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Over 250,000 students live in Greater Boston at any one time, with 54 colleges to boot. But just how did Boston become the education capital of the world?
Part of the legacy of Boston education begins with the fact that it is home to the oldest college in the United States. Harvard University was founded in 1638, less than a decade after the official beginnings of the city. From its beginnings, Harvard’s mission has been to train the next leaders of the world and deliver a high caliber of education. This theme seemed to create a precedent for the rest of Boston colleges. To this day, some of the highest ranked universities are in the Boston area, including the unofficial ‘Brainpower Triangle’ made up of Harvard, Massachusetts Institute of Technology, founded in 1861, and Tufts University, founded in 1852. The first free public library in the United States was also built in Boston in 1852, a concept that had never been tested in this country before. The city is even home to the oldest and first public school, Boston Latin – founded in 1635. There has always been a value in education in Boston, and it is shown through the ages of these prominent organizations.
It may go with the nature of being one of the founding powers of the United States, but Boston has always been a leader of innovation in a variety of areas. For example, the city is also often called a hub of medicine, and most hospitals are affiliated with some of the area’s top ranking universities. Being connected to some of the oldest (and best funded) schools means that Boston’s medical institutions have the funding to devote time and money to research areas in which other cities may be lacking.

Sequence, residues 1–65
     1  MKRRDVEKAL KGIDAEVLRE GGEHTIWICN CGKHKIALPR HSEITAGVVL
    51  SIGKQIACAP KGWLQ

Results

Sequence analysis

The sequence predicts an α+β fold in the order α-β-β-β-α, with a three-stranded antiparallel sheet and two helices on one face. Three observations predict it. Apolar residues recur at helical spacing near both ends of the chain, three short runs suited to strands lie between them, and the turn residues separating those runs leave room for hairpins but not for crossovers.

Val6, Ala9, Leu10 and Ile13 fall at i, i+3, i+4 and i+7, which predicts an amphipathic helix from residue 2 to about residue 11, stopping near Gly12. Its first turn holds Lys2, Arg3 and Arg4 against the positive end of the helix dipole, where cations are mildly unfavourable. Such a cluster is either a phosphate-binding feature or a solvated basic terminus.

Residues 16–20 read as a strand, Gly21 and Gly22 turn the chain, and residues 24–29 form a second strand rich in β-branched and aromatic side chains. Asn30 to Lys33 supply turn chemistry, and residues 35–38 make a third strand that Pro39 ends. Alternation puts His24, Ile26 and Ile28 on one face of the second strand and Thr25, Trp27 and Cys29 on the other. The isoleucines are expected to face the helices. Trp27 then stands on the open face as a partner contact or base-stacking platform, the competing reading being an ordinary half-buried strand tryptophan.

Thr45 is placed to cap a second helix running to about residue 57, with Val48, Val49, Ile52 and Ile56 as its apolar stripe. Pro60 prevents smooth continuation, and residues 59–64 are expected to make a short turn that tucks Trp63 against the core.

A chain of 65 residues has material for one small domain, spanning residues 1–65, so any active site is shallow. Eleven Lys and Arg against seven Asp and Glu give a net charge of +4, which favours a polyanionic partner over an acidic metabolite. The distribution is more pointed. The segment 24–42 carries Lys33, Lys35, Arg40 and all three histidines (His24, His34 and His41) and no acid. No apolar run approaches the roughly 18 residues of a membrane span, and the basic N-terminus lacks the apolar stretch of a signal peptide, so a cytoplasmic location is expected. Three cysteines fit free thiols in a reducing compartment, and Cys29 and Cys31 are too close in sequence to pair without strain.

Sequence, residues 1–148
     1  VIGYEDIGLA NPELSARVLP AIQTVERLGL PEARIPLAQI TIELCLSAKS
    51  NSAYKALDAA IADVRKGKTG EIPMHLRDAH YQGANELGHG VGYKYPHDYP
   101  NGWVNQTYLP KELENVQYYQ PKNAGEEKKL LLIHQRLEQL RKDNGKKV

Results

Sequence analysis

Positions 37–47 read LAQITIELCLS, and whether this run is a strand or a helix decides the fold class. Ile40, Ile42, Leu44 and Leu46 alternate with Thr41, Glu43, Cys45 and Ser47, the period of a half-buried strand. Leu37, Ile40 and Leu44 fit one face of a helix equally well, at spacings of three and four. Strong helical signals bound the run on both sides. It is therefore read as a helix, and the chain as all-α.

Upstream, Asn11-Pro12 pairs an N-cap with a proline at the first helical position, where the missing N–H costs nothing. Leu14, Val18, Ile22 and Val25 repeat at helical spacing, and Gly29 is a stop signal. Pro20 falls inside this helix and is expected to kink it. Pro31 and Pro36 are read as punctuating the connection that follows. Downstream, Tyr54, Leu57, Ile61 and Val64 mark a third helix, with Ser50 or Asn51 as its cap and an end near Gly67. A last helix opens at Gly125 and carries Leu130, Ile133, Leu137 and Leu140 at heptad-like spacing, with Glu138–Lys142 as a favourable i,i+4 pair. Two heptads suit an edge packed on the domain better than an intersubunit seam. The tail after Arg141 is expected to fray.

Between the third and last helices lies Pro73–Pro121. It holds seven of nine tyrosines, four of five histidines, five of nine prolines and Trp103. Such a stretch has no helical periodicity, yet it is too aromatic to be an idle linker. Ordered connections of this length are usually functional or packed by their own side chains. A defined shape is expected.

Innovation is not limited to the medical field. Schools like MIT and Wentworth Institute of Technology are constantly conducting cutting-edge research in the fields of climate change, computer science, and engineering, to name a few. This type of research means that Boston often becomes an inviting place for start-ups and well-established companies such as Microsoft and GE. Furthermore, the hope of the city is that Boston students stay here, which continues to feed this cycle. A recent analysis shows that retention rates vary from school to school, but some are able to keep nearly 60 percent of graduates local.
Boston has continued to be such a global hub for education because of this long established history of the title – it keeps students coming back. Despite factors that may seem like they should deter younger populations – like Puritan Blue Laws that ban happy hours and an early curfew that closes bars at 1 a.m. – students always return to the city. This continues to make Boston a very young city, a very inviting place when deciding what institute of higher education you’ll choose.